Congressman Cohen Presides at Hearing on Abuse of the Presidential Pardon Power

February 9, 2021
Press Release
Examines urgent need to grant clemency to correct injustice while avoiding potential misuse for corrupt intent

MEMPHIS – Congressman Steve Cohen (TN-09), Chairman of the House Judiciary Subcommittee on the Constitution, Civil Rights, and Civil Liberties, today presided over a hearing on “The Constitutional Means to Prevent Abuse of the Clemency Power.” As a senior member of the Judiciary Committee, Congressman Cohen has introduced joint resolutions in the current and previous Congresses to limit the pardon power outlined Article 2 of the Constitution.

In his opening remarks, Congressman Cohen said:

“There are few things more fiercely urgent than the need to grant clemency to the thousands who suffer from the burdens of excessive and unjust imprisonment or the collateral consequences stemming from their criminal convictions.  Perhaps not coincidentally, these burdens are disproportionately borne by people of color…

“It is my hope that President Biden will be a leading example of how the clemency power could be more effectively used, especially for those who may be more deserving, but whose pleas have not been heard…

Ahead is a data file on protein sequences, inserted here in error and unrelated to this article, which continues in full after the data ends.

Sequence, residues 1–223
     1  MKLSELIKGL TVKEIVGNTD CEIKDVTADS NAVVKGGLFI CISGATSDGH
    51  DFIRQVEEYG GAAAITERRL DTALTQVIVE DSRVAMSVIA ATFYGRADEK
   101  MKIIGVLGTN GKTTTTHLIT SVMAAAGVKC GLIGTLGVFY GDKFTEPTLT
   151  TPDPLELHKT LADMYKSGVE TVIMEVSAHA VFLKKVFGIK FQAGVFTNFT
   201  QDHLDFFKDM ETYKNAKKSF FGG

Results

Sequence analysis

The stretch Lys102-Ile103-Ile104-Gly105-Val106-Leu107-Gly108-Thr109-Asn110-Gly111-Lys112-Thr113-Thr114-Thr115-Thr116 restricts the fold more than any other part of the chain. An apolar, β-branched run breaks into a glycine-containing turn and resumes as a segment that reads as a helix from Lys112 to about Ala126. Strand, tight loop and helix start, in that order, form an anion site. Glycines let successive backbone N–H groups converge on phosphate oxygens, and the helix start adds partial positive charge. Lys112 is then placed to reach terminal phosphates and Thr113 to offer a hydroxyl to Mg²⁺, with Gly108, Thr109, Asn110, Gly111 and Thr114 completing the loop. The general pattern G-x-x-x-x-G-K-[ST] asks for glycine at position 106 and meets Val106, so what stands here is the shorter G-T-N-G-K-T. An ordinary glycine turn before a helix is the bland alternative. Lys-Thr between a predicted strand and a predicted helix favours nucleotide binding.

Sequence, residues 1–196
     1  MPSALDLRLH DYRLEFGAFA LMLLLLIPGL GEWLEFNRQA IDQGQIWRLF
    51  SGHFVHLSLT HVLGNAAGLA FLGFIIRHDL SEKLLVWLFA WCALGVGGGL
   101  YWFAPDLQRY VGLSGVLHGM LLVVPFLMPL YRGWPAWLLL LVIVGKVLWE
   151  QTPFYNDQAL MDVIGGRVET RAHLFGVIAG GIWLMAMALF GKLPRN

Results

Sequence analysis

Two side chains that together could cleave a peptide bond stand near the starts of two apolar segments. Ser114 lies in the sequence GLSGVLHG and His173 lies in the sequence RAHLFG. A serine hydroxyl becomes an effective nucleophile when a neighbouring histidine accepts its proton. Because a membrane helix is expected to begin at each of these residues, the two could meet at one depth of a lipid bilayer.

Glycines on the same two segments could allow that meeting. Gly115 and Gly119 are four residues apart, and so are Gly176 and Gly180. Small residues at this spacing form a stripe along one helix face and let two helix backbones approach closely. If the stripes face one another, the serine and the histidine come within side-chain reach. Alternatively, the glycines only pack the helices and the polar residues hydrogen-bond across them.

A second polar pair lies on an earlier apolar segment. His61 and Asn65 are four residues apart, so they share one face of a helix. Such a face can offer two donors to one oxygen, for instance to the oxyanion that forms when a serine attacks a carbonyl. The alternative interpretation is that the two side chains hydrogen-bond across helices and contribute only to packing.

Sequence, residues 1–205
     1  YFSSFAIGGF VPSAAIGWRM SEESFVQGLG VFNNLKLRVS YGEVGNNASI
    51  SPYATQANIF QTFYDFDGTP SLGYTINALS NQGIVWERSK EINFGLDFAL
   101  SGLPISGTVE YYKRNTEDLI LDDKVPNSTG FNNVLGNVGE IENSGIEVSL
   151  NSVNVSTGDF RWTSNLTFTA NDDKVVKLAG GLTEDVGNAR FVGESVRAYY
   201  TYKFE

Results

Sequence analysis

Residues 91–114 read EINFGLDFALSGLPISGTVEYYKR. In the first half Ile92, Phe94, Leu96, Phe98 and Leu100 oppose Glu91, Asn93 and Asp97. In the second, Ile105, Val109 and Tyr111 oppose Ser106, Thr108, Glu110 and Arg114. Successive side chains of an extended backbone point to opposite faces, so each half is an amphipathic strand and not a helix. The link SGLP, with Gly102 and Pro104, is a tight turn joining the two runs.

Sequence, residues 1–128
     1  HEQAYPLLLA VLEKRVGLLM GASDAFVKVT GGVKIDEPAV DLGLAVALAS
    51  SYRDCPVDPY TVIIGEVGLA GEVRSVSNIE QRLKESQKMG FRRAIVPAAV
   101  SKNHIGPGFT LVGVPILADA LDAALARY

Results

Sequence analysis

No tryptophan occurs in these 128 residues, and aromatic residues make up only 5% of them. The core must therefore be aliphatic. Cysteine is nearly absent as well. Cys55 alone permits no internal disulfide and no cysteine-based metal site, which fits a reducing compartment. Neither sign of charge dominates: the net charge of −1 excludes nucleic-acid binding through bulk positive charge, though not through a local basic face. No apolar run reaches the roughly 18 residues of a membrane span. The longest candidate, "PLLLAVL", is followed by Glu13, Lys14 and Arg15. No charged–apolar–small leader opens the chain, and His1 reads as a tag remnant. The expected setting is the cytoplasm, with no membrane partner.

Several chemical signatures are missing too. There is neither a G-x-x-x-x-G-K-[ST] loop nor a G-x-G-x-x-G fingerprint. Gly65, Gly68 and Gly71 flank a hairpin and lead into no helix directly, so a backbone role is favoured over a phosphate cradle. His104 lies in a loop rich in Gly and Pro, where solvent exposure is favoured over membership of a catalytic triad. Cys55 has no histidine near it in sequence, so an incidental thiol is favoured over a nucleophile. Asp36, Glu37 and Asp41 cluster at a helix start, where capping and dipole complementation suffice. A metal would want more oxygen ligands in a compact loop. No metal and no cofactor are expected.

“Questions about the proper scope of the clemency power took on greater urgency during the Trump presidency.  No President is permitted to abuse the powers of his office to obstruct a law enforcement investigation, yet the manner in which President Trump used the clemency power throughout his presidency raised the concern that he may have been willing to do just that to protect himself and his political allies.”

See Congressman Cohen’s complete opening remarks here and two exchanges with the hearing’s witnesses here and here.

Today’s witnesses included:

Caroline Frederickson, Distinguished Visitor from Practice at Georgetown University Law Center and a Senior Fellow at the Brennan Center for Justice at New York University Law School; 

Karen Hobert Flynn, President of Common Cause since 2016; 

Josh Blackman, Professor of Law at the South Texas College of Law in Houston;  and

Timothy Naftali, Clinical Associate Professor of Public Service, Clinical Associate Professor of History, and director of the undergraduate Public Policy Major at New York University and the founding Director of the Richard Nixon Presidential Library and Museum in Yorba Linda, California. 

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